For the past few years, the massive shale deposit known as the Bakken Formation has taken North Dakota’s economy on something of a roller coaster ride.
“Activity was so hot that McDonald’s employees were raking in $20 an hour to feed the burger and fry-hungry oil workers,” writes Jude Clemente in Forbes. “It was the great Bakken that gave North Dakota the fastest growing GDP per capita rate in the country.”
And while the 2014 oil price collapse hurt the Bakken shale, the region has been on the rebound for some time, with the number of rigs reaching 60, compared to the low point of 24 two years ago.
“The efficiency improvements and cost reductions continue to impress,” Clemente writes. “In March, the Dallas Fed Energy Survey put the average breakeven price to profitably drill a new well in the Bakken at $50, with the $40-60 range of responses easily the tightest of the group. Take Hess, the number three player in the play, now upping Bakken spend by $900 million this year, or nearly 30%.”
And although the Bakken will stay the most price sensitive of the three major shale oil deposits, it may surpass the $1.3 billion mark for total output, assuming favorable weather and road conditions.
What you should know about oil gauging tapes
No matter which part of the country they’re working in, people working with oil tanks need accurate, reliable oil gauging tapes.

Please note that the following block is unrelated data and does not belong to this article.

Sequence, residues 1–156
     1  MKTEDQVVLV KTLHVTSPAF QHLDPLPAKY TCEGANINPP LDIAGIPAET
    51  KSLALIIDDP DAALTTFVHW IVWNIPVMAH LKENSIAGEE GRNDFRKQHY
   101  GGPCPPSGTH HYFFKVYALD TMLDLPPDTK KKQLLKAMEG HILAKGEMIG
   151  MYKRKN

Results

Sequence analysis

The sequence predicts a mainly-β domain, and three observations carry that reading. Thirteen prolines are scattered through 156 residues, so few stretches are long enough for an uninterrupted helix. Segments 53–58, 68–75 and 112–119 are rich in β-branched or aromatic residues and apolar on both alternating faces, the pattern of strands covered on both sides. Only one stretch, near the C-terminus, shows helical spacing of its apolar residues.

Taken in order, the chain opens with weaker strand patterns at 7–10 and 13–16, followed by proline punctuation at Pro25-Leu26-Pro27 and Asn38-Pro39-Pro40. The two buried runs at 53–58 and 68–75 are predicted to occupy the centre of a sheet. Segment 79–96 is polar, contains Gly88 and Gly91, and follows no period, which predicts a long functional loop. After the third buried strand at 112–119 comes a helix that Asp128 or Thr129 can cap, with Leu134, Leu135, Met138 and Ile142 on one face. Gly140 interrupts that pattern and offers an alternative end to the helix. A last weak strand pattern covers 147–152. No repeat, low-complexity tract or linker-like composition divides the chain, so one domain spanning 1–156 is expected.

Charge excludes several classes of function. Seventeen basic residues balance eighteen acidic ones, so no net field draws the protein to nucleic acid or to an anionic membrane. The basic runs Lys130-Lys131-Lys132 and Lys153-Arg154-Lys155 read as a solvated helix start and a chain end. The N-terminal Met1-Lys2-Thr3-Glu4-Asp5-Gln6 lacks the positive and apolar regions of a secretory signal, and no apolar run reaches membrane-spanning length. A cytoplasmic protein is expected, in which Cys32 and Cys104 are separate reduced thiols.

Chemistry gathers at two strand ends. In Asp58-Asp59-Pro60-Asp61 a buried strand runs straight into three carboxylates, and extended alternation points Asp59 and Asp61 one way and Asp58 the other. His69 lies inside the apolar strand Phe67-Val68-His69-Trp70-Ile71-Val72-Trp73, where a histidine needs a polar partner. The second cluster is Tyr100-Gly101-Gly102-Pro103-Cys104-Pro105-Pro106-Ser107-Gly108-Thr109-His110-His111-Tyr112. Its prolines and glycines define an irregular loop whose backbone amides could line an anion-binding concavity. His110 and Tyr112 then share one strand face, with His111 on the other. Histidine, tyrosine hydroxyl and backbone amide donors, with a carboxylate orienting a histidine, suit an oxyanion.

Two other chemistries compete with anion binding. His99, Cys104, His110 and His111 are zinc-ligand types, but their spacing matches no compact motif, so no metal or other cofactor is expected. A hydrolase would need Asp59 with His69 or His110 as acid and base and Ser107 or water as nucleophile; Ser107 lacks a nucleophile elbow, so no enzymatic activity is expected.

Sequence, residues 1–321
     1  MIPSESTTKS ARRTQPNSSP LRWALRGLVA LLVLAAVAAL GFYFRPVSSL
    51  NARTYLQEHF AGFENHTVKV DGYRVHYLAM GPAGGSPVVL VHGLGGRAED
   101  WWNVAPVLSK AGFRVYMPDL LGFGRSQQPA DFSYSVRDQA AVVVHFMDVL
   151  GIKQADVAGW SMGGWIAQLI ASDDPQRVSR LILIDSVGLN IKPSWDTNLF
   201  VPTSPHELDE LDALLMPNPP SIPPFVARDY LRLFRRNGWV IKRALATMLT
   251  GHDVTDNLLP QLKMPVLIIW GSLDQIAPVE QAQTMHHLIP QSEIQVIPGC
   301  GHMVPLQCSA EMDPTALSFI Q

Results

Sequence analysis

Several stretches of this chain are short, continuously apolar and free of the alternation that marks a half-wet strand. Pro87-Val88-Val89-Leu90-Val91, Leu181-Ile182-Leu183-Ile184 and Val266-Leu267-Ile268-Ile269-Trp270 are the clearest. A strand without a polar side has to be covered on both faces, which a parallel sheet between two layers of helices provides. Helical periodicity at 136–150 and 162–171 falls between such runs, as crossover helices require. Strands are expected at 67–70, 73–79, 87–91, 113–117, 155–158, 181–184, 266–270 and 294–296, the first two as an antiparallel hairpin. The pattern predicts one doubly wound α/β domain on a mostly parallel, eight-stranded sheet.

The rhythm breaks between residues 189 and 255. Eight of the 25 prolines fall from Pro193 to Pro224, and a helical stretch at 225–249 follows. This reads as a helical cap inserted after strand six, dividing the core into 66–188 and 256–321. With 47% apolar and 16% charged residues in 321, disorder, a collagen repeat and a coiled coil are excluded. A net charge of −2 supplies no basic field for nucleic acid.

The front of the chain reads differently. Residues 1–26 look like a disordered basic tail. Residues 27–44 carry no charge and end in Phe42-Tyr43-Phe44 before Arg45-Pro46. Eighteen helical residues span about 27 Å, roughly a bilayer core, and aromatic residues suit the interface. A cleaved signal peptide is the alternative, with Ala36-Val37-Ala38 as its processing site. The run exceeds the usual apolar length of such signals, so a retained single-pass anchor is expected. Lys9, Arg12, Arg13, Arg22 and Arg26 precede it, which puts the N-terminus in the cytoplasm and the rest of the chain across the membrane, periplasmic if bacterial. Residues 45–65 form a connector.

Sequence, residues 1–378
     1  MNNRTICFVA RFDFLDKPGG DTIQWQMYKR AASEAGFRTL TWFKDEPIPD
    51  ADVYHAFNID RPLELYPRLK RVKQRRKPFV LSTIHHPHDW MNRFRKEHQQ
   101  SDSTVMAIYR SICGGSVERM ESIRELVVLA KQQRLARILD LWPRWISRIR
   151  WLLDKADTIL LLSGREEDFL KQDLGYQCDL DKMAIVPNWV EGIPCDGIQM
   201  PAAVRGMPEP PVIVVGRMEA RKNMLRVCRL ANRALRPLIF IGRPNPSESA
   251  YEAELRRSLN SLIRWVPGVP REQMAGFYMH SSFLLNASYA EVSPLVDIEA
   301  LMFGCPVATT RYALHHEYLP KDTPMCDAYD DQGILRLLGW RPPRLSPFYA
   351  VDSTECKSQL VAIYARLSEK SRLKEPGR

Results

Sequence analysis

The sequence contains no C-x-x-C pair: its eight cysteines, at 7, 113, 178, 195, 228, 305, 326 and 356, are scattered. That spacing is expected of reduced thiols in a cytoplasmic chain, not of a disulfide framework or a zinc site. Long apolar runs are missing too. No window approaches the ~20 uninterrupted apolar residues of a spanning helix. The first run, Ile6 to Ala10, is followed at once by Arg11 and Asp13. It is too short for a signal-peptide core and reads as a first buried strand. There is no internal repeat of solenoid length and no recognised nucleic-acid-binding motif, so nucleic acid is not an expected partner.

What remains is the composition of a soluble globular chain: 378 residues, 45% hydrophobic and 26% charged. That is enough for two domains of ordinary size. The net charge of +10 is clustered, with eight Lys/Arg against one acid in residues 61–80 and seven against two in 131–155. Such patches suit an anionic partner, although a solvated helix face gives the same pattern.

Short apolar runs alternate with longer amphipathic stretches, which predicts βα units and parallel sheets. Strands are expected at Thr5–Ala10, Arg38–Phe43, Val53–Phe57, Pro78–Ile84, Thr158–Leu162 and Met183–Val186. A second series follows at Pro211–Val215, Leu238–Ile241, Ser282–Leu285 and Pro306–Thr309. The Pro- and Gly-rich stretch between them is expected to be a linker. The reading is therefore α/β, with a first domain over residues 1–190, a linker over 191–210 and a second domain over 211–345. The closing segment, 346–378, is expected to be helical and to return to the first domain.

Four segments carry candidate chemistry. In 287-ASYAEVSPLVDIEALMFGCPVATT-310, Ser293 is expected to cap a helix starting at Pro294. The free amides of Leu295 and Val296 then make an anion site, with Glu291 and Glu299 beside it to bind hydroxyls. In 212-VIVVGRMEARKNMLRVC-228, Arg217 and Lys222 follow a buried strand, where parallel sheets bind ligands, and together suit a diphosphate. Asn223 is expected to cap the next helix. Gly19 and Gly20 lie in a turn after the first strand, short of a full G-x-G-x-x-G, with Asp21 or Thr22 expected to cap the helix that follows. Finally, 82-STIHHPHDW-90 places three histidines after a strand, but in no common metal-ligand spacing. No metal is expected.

These are invaluable tools for those who need to measure the depth of oil in storage tanks and other containers. There are two techniques for doing this: innage and outage.
Innage is the more common of the two methods. It involves simply lowering the tape into a tank until the tip of the tape’s plumb bob touches the bottom. Once you reel in the tape, just read the depth of the liquid in the tank by seeing where the tape is wet.
The outage method
An outage tape looks at the distance between the surface of the liquid to the lip of the tank. It can be tough to tell where the top of the liquid begins, which is why graduated plumb bobs are slowly lowered just until they touch the liquid.
The plumb bob’s graduations start where the bob is attached to the tape and get higher. The reading on the bob is added to the reading on the tape to tell the total empty portion of the tank. Subtract the empty space from the total depth of the tank to figure out how much liquid is inside.
Are oil gauging tapes accurate?
At U.S. Tape, every oil gauging tape we sell meets both Mil Spec. #A-A-52216 and American Petroleum Institute Standard 2545, both of which deal with the method for identifying the accuracy of a tank.
If you have other questions about these tapes, we’d be happy to answer them for you. Contact us today to find the tape that’s right for you.